At St. Thomas Law, we’re shaping the legal profession of tomorrow

When the School of Law opened its doors in 2001, our aim was not to replicate the status quo, but to help build a profession in which future generations of attorneys could flourish while utilizing their gifts to advance the common good. This goal may sound simple and straightforward, but our history as a profession gives rise to understandable skepticism. For example, the American Bar Association’s Commission on Women in the Profession recently released an important study documenting the difficult path that many women still experience in legal practice. Among the findings:

  • In both law firms and in-house contexts, women reported lower pay than male colleagues of similar experience.
  • Mothers were 79 percent less likely to be hired than an otherwise-identical candidate without children.
  • One in eight white women, and one in 10 women of color, reported losing career opportunities because they rejected workplace sexual advances.
  • Women reported higher loads of “office housework,” such as taking notes during meetings. White women reported shouldering these responsibilities at a level 21 percentage points higher than white men, and women of color at a level 18 percentage points higher than white men.
  • Women reported that their commitment and competence were questioned after they had children. White women reported this happening at a level 36 percentage points higher than white men, and women of color reported this at a level 29 percentage points higher than white men.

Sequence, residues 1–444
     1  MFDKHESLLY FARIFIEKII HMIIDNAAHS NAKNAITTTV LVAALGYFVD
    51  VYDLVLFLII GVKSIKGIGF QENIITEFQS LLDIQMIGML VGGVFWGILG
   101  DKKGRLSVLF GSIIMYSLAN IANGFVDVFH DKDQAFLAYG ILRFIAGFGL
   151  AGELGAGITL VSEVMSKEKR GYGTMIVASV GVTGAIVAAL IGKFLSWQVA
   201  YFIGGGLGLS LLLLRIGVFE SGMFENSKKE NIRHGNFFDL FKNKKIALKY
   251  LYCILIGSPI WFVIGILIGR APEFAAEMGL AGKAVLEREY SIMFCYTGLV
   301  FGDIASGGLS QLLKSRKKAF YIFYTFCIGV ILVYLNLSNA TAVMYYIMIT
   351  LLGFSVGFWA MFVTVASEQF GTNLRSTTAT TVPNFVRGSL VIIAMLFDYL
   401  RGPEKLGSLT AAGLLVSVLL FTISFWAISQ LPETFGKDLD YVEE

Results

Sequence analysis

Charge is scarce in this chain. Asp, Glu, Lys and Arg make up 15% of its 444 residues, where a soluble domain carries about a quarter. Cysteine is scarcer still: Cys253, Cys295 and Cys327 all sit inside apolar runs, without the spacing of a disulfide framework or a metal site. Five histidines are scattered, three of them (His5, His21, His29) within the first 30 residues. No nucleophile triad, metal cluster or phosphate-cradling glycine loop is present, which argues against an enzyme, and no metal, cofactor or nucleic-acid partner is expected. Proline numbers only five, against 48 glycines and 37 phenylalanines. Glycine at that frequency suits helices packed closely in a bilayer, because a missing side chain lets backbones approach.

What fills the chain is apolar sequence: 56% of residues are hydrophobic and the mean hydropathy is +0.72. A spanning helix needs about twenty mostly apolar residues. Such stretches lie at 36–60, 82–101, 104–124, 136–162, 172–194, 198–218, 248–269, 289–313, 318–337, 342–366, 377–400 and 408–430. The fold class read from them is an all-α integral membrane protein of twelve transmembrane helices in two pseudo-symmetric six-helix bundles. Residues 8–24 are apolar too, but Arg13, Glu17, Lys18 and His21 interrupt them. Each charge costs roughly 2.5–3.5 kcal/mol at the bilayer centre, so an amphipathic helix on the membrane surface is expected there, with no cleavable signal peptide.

• Women of color reported that they had been mistaken for administrative staff, court personnel or janitorial staff at a level 50 percentage points higher than white men; white women reported this bias at a level 44 percentage points higher than white men.

To be sure, women have made important inroads in the profession, but progress has been slow and difficult. In this issue of St. Thomas Lawyer, we profile women who are powerful reminders of what we are missing when we exclude female attorneys from full participation in our shared work. Trailblazers such as Judge Diana Murphy and Justice Kathleen Blatz – both former members of our Board of Governors – inspire today’s students and challenge us all to rethink what an inclusive profession could look like.

This issue is both a celebration of how far we’ve come and a sobering reminder of how far we have yet to travel. I am grateful for the St. Thomas Law community’s commitment to this journey.

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